Radical New Design

Although it was seen as a radical new design that got people's attention, the Y frame concept was not seen favourably by some. The problem was bio pacing, otherwise known as the "pogo stick" effect or "pedal bob", which has been a contentious issue with dual suspension bikes since day one.  Basically, the rear suspension caused loss of power, particularly riding up hill. As the rider pedalled, the URT would be moving up and down relative to the mainframe, using valuable energy. The main reason for this is that the distance between the rider and the pedals varies with frame movement.
 Most of the manufacturers who were using the design experimented with pivot point location to compromise between rider comfort and bio pacing.  Usually, this was done by moving the pivot point, and also GT's I Drive system which used a unique bottom bracket design. Some rear suspension designs (eg. Trek 9300) were very bad in that the chain length would vary as the URT moved. With these bikes, the bottom bracket is on the main part of the frame and not the URT.
Trek claimed to have found the ideal pivot point and patented their design. This is why you won't see other bikes with the pivot point part way up the URT.
Many gave up trying to perfect rear suspension designs, feeling that if they couldn't make it work the best thing was to eliminate it altogether. Thus the creation of the hardtail. Strange logic wouldn't buy a car without rear suspension would you? There is an ever so simple solution however, which Trek applied to the top of the range models. These had lockout shocks to completely eliminate the problem. However, if the rider is out of the saddle whilst pedalling, without a lockout shock, the problem is again eliminated. The critics don't really have any valid complaints.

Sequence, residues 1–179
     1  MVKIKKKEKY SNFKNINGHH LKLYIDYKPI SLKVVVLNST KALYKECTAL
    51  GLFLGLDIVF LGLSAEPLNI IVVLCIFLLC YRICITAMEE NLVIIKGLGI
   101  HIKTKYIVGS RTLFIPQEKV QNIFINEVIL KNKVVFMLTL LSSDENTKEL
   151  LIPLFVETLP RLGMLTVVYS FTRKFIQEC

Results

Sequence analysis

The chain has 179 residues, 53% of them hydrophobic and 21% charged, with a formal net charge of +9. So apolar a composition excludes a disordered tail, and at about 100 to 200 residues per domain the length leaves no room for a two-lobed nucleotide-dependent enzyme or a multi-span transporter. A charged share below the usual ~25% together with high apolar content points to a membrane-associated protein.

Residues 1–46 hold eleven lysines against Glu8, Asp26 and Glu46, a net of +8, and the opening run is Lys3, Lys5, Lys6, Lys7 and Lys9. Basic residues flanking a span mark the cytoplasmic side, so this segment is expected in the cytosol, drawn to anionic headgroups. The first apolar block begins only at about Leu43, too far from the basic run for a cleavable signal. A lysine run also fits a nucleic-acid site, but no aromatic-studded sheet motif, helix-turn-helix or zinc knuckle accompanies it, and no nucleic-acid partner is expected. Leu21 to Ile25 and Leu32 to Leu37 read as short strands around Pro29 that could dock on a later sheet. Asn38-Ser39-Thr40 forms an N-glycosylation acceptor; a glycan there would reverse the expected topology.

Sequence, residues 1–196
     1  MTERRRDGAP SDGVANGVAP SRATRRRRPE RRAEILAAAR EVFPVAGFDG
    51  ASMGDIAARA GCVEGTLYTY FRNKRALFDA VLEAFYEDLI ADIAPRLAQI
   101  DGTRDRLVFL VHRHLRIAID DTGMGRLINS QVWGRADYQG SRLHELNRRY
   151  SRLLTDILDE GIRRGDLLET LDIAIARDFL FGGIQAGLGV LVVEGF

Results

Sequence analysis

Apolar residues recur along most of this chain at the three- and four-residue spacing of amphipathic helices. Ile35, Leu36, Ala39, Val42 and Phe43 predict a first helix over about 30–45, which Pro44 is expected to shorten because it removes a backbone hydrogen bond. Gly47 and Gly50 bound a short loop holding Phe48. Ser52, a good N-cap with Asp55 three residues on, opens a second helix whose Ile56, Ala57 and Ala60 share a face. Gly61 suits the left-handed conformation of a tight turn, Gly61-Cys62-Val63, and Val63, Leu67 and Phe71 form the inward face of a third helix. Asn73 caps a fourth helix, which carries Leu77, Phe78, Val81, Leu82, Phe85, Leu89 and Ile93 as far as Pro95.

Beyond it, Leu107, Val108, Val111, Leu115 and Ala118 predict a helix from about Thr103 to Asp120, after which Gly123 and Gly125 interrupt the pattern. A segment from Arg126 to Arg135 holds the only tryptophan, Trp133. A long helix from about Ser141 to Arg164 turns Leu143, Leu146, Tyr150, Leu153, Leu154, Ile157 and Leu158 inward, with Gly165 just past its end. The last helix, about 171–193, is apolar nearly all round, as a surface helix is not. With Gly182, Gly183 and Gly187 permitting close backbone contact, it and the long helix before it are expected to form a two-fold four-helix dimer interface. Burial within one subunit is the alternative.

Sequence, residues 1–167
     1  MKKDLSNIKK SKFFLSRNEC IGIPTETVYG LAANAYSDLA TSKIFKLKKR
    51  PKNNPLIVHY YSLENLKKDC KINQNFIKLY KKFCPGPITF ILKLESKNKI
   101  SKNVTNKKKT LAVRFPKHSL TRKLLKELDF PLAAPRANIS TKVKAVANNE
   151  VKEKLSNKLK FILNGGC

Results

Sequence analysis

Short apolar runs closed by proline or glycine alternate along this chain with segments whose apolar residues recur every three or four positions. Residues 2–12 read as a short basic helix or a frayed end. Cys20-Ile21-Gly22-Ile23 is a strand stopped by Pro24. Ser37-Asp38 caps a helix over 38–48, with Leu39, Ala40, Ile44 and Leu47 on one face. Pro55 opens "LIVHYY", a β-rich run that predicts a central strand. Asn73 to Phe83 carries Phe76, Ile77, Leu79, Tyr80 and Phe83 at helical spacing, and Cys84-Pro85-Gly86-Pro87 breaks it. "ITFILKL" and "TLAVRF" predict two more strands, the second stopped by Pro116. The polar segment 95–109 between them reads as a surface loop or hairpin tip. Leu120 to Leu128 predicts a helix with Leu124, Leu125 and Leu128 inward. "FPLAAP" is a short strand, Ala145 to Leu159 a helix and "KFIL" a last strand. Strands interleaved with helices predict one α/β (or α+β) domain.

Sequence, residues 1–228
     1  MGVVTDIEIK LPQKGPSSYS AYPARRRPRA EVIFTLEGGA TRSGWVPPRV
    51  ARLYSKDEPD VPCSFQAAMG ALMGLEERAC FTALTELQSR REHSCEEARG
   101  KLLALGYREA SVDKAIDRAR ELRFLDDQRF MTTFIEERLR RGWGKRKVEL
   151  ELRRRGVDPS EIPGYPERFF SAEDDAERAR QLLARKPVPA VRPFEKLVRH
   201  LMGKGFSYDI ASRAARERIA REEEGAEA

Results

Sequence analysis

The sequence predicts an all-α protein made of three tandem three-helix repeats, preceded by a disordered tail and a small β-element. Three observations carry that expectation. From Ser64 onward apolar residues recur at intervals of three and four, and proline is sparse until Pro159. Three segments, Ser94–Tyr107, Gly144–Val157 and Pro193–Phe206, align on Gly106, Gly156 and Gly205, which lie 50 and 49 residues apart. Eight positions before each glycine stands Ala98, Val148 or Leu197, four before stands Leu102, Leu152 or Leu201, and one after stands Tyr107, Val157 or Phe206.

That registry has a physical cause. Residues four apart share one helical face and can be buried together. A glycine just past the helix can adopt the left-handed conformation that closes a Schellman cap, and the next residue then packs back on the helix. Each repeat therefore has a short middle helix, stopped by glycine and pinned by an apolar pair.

The critics would also be hard pressed to give examples of bikes lighter than the Y series. How many alloy dual suspension bikes are lighter than the 12.7kg of a Y5? The OCLV models are even better at just on 11kg for the Y50. Even the relatively heavy Y3 is still lighter than many dual suspension bikes of today.
Something you won't find on other bikes is the welder's initials stamped into the bottom bracket...further illustration of Trek's pride in what they built.
The last of the real Trek Y bikes came out in 2001 with the Y1 finishing up fitted with cheap components.
Trek have kept the "Y" name going since then with the much cheaper bikes, the Y26 and Y24. These are not in the same league as their predecessors and bear little resemblance to the original bikes in quality and appearance, and are known as "entry level" bikes. Although they continued with URT rear suspension, the URT's are not the same.

Trek Y bike chronology - how to date your Y bike

1995: Y33 and Y22 OCLV models with cantilever brakes. Y33 was Indigo Blue and Y22 Ice Red

1996: Y33 in now Judy Yellow, (ie. frame colour matched to the Judy SL forks). Y22  fitted with V brakes and now nude carbon. Y11 released in Dry Ice Blue.  Alloy ST120 released.